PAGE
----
new causal inferences. Consider the gear
toy experiment described above. Children will also solve this task if they simply see an adult perform the right experiments on the toy. They not only learn
13 Carolyn Rovee-Collier and Rachel Barr,
“Infant Learning and Memory,” in Gavin
Bremner and Alan Fogel, eds., Blackwell Handbook of Infant Development (Malden, Mass.:
Blackwell Publishers, 2001), 139–168.
14 Andrew N. Meltzoff, “Infant Imitation and
Memory: Nine-Month-Olds in Immediate and
Deferred Tests,” Child Development 59 (1)
(1988): 217–225.
Dædalus Winter 2004
about the causal consequences of adult
actions, but also about the causal relations among the objects upon which
adults perform those actions.
Indeed, the three techniques of causal
inference that I have described–analyzing statistics, performing experiments,
and watching the experiments of others–may give both scientists and children their extraordinary learning powers. Elements of the ½rst two techniques
are probably in place even in nonhuman
animals. In classical conditioning, animals calculate dependencies among particularly important events, like shock
and food. In operant conditioning, animals calculate the consequences of their
actions. This is not surprising given the
importance of causal knowledge for survival.
However, as Mike Tomasello and Danny Povinelli point out in this issue, there
is much less clear evidence of the third
type of learning–learning from the actions of others–in other animals. And
there is no evidence that other animals
combine all three types and assume that
they provide information about the
causal structure of the external world. By
contrast, human children, at least by age
three or four, do seem to put these types
of information together in this way. This
ability may, in fact, be one of the crucial
abilities that give human beings their
unique intellectual capacities. It allows
them to learn far more about the world
around them than other animals, and to
use that knowledge to change the world.
y guess is that many of the mistakes that children and adults make in
learning don’t happen because they
make the wrong deductions from assumptions and evidence, but rather
because they make assumptions that are
unwarranted under the particular circumstances.
Dædalus Winter 2004
For example, children tend to assume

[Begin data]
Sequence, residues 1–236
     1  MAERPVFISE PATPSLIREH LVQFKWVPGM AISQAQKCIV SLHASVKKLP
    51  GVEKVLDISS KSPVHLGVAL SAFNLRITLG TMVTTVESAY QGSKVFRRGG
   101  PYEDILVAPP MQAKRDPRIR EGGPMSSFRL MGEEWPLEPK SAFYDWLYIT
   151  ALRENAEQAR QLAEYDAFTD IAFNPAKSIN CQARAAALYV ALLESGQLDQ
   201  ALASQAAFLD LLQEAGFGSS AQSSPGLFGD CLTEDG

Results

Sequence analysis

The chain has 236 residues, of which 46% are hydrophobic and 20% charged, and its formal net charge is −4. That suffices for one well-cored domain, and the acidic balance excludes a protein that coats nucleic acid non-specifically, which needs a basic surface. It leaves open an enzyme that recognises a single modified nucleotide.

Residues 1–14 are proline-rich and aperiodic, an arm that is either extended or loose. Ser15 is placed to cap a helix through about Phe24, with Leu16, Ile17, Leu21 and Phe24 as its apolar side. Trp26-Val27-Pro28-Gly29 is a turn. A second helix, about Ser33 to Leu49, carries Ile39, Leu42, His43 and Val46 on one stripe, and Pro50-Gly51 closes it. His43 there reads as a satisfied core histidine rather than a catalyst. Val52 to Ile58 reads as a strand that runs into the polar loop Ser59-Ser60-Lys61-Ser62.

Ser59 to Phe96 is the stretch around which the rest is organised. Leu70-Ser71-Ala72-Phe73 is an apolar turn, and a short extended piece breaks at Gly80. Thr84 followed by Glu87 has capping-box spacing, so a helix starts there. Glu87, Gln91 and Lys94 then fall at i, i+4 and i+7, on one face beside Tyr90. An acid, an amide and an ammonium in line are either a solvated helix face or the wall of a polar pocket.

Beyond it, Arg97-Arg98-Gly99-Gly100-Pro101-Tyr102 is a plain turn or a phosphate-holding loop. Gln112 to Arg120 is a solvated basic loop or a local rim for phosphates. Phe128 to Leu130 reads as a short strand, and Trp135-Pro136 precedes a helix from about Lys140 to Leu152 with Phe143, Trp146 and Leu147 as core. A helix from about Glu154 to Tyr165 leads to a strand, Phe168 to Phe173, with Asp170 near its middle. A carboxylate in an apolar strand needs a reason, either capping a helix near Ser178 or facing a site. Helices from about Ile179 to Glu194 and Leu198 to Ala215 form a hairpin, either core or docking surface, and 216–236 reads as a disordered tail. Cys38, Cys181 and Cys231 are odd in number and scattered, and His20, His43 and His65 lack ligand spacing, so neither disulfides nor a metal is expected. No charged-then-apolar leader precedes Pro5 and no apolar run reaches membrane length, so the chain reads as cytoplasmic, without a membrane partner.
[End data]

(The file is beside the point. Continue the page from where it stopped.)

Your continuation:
that the samples of evidence they collect
are representative of the data. Similarly,
they seem to assume that their own actions and the actions of others have all
the formal characteristics of an ideal
experimental intervention. The selfconscious methodological canons of
formal science–the courses on statistics
and experimental design–are intended
to make these assumptions explicit rather than implicit and so ensure that they
are correct in particular cases. For children, however, the assumptions may be
close enough to the truth most of the
time, and the evidence may be suf½ciently rich, so that they mostly get things
right anyway.
If we want children, and lay adults, to
understand and appreciate science, we
may need to make more connections
between their intuitive and implicit
causal inference methods and the selfconscious and explicit use of these methods in science. We may need, literally, a
sort of scienti½c consciousness-raising.
Popper’s quarrel with Wittgenstein reflected a larger argument between the
view that science and philosophy tell us
new things about the world, and the
view that all they do is reflect social arrangements and linguistic conventions.
If we could put children in touch with
their inner scientists, we might be able
to bridge the divide between everyday
knowledge and the apparently intimidating and elite apparatus of formal
science. We might be able to convince
them that there is a deep link between
the realism of everyday life and scienti½c
realism. And if we were able to do that,
then we might win Popper’s argument
for him–without having to resort to